“After a traumatic experience, the human system of self-preservation seems to go into permanent alert, as if the danger might return at anymoment” , Judith Lewis Herman
There has been a great deal of public awareness of late regarding the concept of Post Traumatic Stress Disorder. It seems as though the syndrome has become somewhat commonplace and many are quick to self diagnose. But, even more are recognizing that the condition is one caused by great stress and chronic anxiety and there are commonalities among us in our responses to traumatic experiences. What was once associated with abuse, now is believed to be the result of many occurrences that bring about dramatic memories, which in turn trigger danger to an overly stimulated nervous system. With the relatively recent wars in the Middle East whereby PTSD among veterans became all too common, public awareness has been heightened. In my book I discussed fibromyalgia in relation to what was then becoming known as Gulf War Syndrome, now it is more specifically known as PTSD that is capturing the attention of the experts. In the first world war it was known as shell shock. In the second world war it became known as battle fatigue, finally it is now more appropriately labelled as PTSD. Many of these veterans with PTSD have fibromyalgia, in fact I speculated then (and do so now) that they are one and the same thing. I will acknowledge there is the possibility that they are somewhat separate but akin to identical twins. The symptoms are identical.
“People still insist on things like holistic healing and things that have no real basis in evidence because they want it to be true-it’s as simple as that”, Stephen Fry
If there is any alternate healing therapy that I have not tried over many years I don’t know what it can be. Chinese herbs, homeopathy, JinShin, acupuncture, Reiki, osteopathy, therapeutic touch, reflexology to name a few, most of them have not helped; they are not evidence based therapies. They cost me a great deal of money. They kept the practitioners in business. But, of them all osteopathy as a manual therapy was helpful as I thrive on the magic of touch, especially when the therapist is a skilled practitioner. I am also fond of gentle massage therapy, JinShin, chiropractic adjustments, and especially physiotherapy. Having a therapist who spends an hour with you, working on painful areas of your body can be extremely therapeutic. Of them all it is physiotherapy (physical therapy as it is called in the US) which has provided me with the most relief . I trust this practice the most as it is evidence based, a research profession situated in a university, sanctioned by grant giving foundations to further their research agenda. I have however heard from many who do not like to be touched and manual therapy is not for them. When I am touched by a therapist who has experienced hands it relaxes my nervous system. For those who do not like being touched by others, I recommend massaging yourself lightly as a soothing gesture. It does not cure but it provides relief and trains the brain to pause and work with paying attention to the moment rather than catastrophic-futuristic thinking which we are all prone to do.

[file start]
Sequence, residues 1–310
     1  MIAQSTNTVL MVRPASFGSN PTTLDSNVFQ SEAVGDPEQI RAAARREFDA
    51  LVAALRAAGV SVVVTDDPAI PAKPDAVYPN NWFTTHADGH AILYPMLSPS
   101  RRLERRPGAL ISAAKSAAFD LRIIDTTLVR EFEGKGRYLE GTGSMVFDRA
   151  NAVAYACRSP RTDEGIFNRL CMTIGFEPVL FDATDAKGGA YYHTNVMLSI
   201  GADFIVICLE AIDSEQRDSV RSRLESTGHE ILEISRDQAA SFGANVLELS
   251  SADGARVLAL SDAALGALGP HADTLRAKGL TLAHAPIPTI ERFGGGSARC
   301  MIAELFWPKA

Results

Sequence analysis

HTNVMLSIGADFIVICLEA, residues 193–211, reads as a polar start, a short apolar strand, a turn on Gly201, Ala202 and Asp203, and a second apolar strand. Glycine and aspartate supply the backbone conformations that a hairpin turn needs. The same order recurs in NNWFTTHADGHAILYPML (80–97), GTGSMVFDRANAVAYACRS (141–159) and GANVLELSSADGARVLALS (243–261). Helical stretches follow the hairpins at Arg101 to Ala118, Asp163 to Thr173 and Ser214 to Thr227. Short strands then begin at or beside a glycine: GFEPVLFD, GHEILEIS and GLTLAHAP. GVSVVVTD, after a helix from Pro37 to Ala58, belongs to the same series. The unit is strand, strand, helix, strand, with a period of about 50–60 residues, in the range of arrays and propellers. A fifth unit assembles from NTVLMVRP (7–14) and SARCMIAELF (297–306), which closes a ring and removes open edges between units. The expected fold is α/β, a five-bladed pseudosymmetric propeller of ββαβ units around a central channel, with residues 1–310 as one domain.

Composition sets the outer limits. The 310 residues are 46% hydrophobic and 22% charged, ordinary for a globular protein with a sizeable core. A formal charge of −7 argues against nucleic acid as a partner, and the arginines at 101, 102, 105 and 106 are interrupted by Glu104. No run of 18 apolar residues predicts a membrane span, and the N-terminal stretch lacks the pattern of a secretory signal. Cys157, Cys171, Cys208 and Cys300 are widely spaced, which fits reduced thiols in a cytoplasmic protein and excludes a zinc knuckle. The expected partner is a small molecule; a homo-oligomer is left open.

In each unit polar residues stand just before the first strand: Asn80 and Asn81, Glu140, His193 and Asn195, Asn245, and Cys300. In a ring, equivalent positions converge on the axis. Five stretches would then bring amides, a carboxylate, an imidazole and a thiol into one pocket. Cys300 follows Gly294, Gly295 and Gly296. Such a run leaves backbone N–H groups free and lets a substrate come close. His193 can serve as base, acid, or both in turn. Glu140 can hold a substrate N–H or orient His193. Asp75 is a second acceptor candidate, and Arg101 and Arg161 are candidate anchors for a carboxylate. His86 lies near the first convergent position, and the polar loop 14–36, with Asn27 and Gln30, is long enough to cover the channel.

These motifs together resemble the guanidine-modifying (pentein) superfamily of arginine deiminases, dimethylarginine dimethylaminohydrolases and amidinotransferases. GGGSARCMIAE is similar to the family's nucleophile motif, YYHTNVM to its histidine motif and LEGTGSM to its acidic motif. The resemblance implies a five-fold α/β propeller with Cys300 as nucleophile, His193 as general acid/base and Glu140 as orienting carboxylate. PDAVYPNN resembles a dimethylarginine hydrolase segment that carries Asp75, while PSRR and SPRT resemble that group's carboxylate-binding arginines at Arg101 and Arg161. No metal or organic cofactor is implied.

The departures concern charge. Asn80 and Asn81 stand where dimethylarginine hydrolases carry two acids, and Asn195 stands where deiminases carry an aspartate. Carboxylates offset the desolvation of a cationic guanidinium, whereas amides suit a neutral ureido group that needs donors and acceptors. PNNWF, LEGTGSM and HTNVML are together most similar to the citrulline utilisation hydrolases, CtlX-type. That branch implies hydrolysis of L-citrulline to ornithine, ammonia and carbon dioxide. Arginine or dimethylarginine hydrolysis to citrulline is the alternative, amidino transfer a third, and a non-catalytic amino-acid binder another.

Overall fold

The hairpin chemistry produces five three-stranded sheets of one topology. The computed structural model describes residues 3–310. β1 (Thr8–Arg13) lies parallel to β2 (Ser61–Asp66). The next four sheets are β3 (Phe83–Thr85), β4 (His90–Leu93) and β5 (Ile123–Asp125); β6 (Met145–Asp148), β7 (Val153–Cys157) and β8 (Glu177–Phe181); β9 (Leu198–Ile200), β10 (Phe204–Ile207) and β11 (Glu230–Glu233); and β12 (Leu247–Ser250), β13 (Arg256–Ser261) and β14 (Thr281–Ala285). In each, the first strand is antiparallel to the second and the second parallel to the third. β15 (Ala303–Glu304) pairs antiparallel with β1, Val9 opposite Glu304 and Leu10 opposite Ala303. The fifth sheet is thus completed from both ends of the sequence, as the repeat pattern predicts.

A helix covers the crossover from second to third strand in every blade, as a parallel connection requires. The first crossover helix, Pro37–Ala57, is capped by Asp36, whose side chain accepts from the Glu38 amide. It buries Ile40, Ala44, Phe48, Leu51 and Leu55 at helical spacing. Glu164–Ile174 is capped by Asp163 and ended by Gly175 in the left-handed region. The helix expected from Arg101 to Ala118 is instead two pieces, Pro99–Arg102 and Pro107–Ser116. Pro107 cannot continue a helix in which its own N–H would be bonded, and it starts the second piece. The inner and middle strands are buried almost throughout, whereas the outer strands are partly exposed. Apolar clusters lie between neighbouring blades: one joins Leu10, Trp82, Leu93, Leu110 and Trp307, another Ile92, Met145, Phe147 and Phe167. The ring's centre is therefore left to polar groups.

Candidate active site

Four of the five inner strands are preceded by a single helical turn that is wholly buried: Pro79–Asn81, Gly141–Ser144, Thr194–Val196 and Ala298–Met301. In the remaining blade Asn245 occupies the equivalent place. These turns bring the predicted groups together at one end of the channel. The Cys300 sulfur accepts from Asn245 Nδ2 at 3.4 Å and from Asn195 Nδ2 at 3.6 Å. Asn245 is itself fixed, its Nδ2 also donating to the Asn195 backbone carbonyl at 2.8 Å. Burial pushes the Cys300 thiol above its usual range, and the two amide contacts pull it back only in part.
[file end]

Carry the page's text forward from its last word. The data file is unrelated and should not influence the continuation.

“Everybody gets so much information all day long that they lose their common sense”, Gertrude Stein
To write that I am frustrated, angry, and discouraged over the recent hoopla this week in the news from the U.S. Institute of Medicine (IOM) report on Chronic Fatigue Syndrome is to be putting it mildly. As is usual with someone who has CFS and fibromyalgia (FM) I awoke several times last night. During those wakeful periods I wanted to write this blog with great haste in protest for whomever would read this rant from me. I have to admonish my readers that the report is not to be viewed with great enthusiasm. The IOM state that CFS should now to be regarded as a disease. I write this knowing that the majority of my readers want these conditions to be regarded as such and for which a medication can be taken and our conditions would be cured. But as I have repeatedly written over many years, this cluster of symptoms which make up a syndrome cannot be ‘cured’ with the usual allopathic or alternative medicines. It is far more complex than that. Hunts for viral, bacterial and hormonal causes have been on-going for many decades. I had hoped that this was all behind us. Is this trend going to be re-invented?
“I’m not confused, I’m just well mixed”, Robert Frost
How sad it is that this invisible dis-ease that affects primarily women (although many more men and children are reported to be experiencing FMS than before) has led to so much continued confusion about causation. The theories about the cause of fibromyalgia have preoccupied researchers for the past several decades, partcularly as the numbers of reported cases have risen dramatically.